The Fed: Weak November jobs report opens door for Fed to expand purchases of longer-dated Treasurys

The Fed: Weak November jobs report opens door for Fed to expand purchases of longer-dated Treasurys


Federal Reserve Chairman Jerome Powell answers a question during a House Financial Services Committee oversight hearing on Wednesday.



The weak U.S. November jobs report gives the Federal Reserve a green light to take the next monetary easing step — expanding its purchases of longer-dated Treasury bonds.


The Fed has been buying $80 billion of Treasurys across the yield curve every month since June, along with $40 billion of mortgage-related bonds.



The Fed may hold the size of purchases steady at its December policy meeting but shift the weight of its purchases towards Treasurys with extended maturities, said Julia Coronado, a former Fed staffer and now the president and founder of MacroPolicy Perspectives.


Markets are getting pretty excited about 2021 even though the near-term outlook is worsening, and the vaccine distribution is not an easy proposition, Coronado said.


The 10-year Treasury note yield TMUBMUSD30Y, 1.737% has threatened to push beyond 1% over the last few weeks.


Read: Bond traders talk up possibility of December “twist”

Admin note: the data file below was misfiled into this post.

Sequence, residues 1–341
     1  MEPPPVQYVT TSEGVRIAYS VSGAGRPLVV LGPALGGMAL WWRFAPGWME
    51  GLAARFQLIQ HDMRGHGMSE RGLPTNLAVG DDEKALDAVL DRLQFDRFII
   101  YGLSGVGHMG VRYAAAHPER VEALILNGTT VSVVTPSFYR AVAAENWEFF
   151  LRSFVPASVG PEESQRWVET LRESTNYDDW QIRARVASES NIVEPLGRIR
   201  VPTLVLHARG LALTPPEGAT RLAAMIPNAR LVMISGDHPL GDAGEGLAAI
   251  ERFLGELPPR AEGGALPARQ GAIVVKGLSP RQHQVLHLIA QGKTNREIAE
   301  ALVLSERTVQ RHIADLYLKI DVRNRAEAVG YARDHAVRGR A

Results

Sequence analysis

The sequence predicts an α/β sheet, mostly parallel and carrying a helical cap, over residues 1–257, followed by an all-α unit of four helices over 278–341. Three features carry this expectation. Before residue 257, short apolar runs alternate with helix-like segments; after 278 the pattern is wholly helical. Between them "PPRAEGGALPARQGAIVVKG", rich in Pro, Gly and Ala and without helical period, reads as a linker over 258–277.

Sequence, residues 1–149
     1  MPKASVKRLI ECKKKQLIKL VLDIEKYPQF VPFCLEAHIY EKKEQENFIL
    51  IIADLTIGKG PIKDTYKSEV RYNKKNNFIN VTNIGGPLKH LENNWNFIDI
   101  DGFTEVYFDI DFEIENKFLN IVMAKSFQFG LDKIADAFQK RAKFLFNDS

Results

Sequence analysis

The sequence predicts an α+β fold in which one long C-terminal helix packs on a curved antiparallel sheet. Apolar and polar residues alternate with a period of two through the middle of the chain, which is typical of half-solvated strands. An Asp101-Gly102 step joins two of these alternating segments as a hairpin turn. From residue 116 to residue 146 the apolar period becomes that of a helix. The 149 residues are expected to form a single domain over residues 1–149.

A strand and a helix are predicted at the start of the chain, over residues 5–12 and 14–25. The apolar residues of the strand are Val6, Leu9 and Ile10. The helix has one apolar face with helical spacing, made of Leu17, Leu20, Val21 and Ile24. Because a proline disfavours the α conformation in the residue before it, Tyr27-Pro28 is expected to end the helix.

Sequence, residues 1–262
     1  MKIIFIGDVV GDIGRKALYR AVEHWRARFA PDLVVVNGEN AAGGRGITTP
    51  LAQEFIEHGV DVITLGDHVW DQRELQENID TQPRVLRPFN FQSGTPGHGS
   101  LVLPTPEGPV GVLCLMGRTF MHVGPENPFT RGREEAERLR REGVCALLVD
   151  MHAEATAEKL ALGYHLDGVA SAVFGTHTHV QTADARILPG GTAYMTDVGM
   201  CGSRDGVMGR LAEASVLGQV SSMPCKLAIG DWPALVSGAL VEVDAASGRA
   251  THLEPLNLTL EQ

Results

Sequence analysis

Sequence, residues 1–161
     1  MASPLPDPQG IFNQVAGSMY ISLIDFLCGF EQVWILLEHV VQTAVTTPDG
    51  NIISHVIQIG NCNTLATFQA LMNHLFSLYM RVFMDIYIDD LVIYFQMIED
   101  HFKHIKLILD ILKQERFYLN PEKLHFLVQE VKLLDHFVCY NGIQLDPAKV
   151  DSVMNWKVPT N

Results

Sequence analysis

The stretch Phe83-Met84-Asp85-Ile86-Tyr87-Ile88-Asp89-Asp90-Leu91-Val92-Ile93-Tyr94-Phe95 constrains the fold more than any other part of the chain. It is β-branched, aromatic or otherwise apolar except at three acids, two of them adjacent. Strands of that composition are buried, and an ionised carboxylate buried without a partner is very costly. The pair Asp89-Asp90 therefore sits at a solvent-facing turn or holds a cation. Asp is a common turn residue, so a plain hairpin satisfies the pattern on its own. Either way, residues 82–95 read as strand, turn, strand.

“The markets are getting ahead of the economy and rates are rising as a result. The Fed might want to make sure that doesn’t go too far to fast,” Coronado said.


“If the happy, happy scenario plays out in 2021, we will scale back. That’s the message”, she said.


Jim O’Sullivan, chief U.S. macro strategist at TD Securities, agrees.

“We think the weaker payroll reading makes strengthens the case for a WAM extension at the December FOMC meeting,” he said, using the acronym for weighted-average-maturity.


Job growth slowed sharply in November. Nonfarm payrolls rose 245,000 which was a significant slowdown from 610,000 in October. The unemployment rate fell to 6.7% in November from 6.9% in the prior month, but this improvement came as workers got discouraged and stopped looking for jobs.


Read: The 245,00 new jobs added last month is smallest since U.S. recovery began in May


Neel Kashkari, the president of the Minneapolis Fed and one of the most dovish officials, said researchers at his bank think the real jobless rate is just under 10%.


Not all economists think the Fed will pull the trigger with another easing step at its Dec. 15-16 meeting.


“My reading of comments from FOMC officials is that they are of the view that the central bank’s purchase program is offering enough stimulus and tweaking it wouldn’t do anything to near-term downside risks,” said Derek Holt, head of capital market economics at Scotiabank.


The Fed has been urging Congress to pass another fiscal stimulus measure to get money into the hands of workers who haven’t had jobs since last March.


Workers in the service sector including bars and restaurants, travel, and the arts have been particularly hard hit.